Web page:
Dear Dominique Strauss-Kahn, familiarly known as just DSK in haute-financial and political circles:
I owe you an apology.
I could scarcely keep myself from smirking when you were accused of sexually assaulting a chambermaid in one of those upscale hotels in Manhattan that no working stiff could ever afford. My chronic case of Francophobia went into overdrive.
The news story felt like a stereotype come to oh-so-satisfying life, validating my most cherished prejudices. Oh, I could just visualize the headlines in the tabloid presses:
DSK Nabbed!/ Pulled off his flight and jailed.
Power-Broker, Financier and Roue-in-chief Under Arrest
Next socialist president of France in custody/ after assaulting humble maid/unable to defend herself....
But now the case against M. Strauss-Kahn has fallen apart, with the New York district attorney's office expressing doubts about the maid's truthfulness and certainly about any chances of obtaining a conviction.
To quote the D.A.'s office: "In virtually every substantive interview with prosecutors, despite entreaties to simply be truthful, she has not been truthful, on matters great and small, many pertaining to her background and some relating to the circumstances of the incident itself."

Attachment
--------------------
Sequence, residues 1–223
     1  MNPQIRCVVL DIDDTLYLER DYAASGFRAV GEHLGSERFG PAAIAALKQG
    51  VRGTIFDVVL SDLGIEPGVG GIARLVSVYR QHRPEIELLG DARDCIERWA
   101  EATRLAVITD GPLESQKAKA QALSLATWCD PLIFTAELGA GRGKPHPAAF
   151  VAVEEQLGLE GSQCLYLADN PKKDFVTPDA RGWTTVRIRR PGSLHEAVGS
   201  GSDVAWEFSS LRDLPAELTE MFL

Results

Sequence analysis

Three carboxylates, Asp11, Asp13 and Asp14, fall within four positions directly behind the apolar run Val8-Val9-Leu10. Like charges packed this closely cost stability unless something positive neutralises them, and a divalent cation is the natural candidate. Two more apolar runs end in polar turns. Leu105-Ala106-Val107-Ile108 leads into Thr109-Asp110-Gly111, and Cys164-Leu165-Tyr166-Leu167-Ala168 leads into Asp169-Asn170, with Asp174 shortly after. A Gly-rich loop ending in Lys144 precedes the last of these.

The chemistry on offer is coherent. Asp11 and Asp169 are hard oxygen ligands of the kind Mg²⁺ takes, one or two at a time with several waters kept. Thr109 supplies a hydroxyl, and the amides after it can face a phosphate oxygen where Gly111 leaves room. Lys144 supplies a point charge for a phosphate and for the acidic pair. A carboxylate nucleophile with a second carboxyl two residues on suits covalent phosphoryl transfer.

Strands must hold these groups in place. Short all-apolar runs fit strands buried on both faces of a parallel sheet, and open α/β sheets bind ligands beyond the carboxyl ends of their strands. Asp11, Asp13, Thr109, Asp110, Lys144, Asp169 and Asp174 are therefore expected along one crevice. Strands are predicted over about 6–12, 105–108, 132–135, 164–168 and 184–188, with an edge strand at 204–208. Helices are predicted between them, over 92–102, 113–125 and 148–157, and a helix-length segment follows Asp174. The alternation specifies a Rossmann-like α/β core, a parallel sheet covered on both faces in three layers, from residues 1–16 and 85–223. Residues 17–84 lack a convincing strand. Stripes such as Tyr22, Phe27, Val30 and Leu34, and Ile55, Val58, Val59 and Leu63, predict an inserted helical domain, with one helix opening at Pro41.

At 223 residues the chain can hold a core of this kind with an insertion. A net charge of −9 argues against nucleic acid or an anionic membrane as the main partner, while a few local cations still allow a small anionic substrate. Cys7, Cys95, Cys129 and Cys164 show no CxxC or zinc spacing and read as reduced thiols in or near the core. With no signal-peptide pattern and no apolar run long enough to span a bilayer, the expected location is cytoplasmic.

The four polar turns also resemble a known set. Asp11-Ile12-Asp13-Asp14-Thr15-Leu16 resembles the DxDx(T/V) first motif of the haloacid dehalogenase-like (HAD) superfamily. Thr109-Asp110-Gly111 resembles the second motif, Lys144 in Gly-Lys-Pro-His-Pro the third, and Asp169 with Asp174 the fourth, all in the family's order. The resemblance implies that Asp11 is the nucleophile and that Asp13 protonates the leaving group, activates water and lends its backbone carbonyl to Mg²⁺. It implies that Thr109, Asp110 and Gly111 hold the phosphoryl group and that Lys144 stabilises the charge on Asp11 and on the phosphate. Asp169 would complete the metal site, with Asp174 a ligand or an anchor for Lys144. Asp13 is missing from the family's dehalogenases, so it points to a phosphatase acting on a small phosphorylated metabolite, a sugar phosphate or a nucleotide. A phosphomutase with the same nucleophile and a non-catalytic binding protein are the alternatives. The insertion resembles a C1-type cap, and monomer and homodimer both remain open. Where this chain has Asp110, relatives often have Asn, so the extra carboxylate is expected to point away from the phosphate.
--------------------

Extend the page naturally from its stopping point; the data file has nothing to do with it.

The only questionable aspect about the prosecutors' decision to drop the case is why it took them so long.
But looking back, the person who's disappointed me most throughout this whole long, sordid affair has been ... myself.
After all these years in the business, you'd think I'd have learned to look at the evidence before leaping to the nearest conclusion. I hadn't.
M. Strauss-Kahn may be guilty, as he put it, of a "moral failing" (who isn't?) but that doesn't make him a criminal. Not until and unless a court says so.
My apologies to you, monsieur, and to the whole French nation for what I was thinking, and almost wrote. I hereby tender it -- in writing.
I won't do that again. I hope.
The Rev. Mr. Al Sharpton is back in the news. He's been chosen as host of MSNBC's weeknight news show, "PoliticsNation." With him in charge, it's bound to be more show than news. And the show won't be complete without a guest appearance by another name from his unfortunate past, Tawana Brawley. (See under Tawana Brawley Hoax on your nearest Internet site.) Both the Reverend and his client lost the defamation case that followed.
Or the Rev. Al could reminisce about his role in the Crown Point riots two decades ago, where his skills as an agitator shone, or at least glared.